• Sarah Freligh

      I was thinking about a straight “we” too for the opening segment, would be intriguing to see how that shakes out.

  2. Sarah Freligh

    Len, this is such a sonic feast that I had to read it out loud and twice! The sounds bounces you get from alliteration and assonance, the anthimeria!: the “weak waves . . . slapping in an injured muffle,” good god, muffle, I love that! And “Bloated, like a too-yellow sumo,” I read that one again and again because it’s so delicious. Everywhere, throughout this, something to quote, something to savor.

    I’m loving, too, the shift in point of view, from the collective of the first segment to the sun and finally to that gull, and in doing so a shift in perspective each time so that we end up getting a true panorama of the scene. I’m loving, too, how each segment ends up with the old man and because of that, I started thinking how the order in which we see him might be the key to the narrative trajectory of the piece as a whole, i.e., how each glimpse subverts and/or adds to our understanding of the old man, and how he feels at being left behind. So I don’t know–maybe start with the sun, go to the gull and then to the people on the beach, in that way ending with “he waves and smiles for the first time in years.” Such a lovely image, and such a surprise, a revelation, really.

    So beautiful to read.

  3. Robert Vaughan

    Hi Len, the old man… his story… love all you have going on. I’d hone in on him?

  4. David O'Connor

    Len. Have you read The Devil’s Highway by Luis Alberto Urrea about migrants crossing the desert? There is a description of death by dehydration that will never leave me, and you have tapped into that here with the minimal but necessary images to paint a human against nature tale that tugs the soul. I think this is a thread worth pulling, tug away, it’s so good!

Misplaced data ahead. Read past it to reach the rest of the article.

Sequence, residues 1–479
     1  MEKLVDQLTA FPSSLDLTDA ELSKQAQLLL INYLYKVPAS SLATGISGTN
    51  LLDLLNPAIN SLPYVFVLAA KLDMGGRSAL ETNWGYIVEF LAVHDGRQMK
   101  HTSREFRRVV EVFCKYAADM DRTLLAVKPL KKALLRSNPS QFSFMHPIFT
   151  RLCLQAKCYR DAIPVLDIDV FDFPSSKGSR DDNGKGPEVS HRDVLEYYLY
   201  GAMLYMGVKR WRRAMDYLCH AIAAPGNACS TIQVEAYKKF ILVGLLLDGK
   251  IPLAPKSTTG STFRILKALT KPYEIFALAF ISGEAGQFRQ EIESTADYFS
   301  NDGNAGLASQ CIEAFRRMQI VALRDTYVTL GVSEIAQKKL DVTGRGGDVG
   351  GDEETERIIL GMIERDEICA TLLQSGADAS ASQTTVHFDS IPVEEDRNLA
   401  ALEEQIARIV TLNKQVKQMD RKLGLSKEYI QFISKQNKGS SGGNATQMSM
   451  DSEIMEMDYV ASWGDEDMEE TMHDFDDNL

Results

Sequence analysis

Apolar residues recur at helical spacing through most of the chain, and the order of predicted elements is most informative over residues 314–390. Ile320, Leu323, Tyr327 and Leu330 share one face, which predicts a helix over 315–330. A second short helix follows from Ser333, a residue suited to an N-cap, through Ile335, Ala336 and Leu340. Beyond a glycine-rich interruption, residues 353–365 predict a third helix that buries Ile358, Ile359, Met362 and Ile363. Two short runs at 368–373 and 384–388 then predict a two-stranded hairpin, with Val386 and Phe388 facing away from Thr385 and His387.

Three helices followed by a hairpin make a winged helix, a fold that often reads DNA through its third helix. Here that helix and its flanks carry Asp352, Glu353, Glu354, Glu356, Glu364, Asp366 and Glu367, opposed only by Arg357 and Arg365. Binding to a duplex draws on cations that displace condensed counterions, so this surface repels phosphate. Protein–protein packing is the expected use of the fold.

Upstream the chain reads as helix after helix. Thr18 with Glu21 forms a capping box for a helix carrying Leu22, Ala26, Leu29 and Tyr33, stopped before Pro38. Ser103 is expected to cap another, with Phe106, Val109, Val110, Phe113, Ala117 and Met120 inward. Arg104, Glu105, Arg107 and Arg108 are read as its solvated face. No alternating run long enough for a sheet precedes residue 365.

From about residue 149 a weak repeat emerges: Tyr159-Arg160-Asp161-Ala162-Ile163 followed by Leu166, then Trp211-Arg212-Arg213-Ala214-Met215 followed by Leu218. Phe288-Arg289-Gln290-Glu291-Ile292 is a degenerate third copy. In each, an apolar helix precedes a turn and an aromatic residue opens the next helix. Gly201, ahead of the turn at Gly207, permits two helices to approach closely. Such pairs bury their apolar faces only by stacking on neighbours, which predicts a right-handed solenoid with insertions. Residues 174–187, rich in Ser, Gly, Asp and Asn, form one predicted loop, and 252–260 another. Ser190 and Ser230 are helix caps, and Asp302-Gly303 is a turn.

5. Anita Brienza

    Len, I loved the three versions! What a great collection of viewpoints you’ve offered here. Thanks for this smart read.

    I wanted to call out a few remarkable phrases that I know will stick with me:
    “human kindling”
    “injured muffle”
    “the water tastes like hope”
    “so fierce that it hates itself”
    “sheet of blistered sky”

  6. Koss Just Koss

    Hey Len. I’m late to the party and all the smarty people said it, but this piece in its shifting views and perfect details is so powerful. The beginning use of “them” is distancing and adds to the worry, dread, and intrigue while reading it. So smart. And I love that the sun can have a point of view. And why shouldn’t it? Wonderfully strange.

  7. Francine Witte

    I love the beautiful poetic language that is such a hallmark of all your writing. The different points of view work so well here. This is rich and lush and stunning. Lines like the predator sun wants them dead, the hopelessness, the gull watching. Amazing.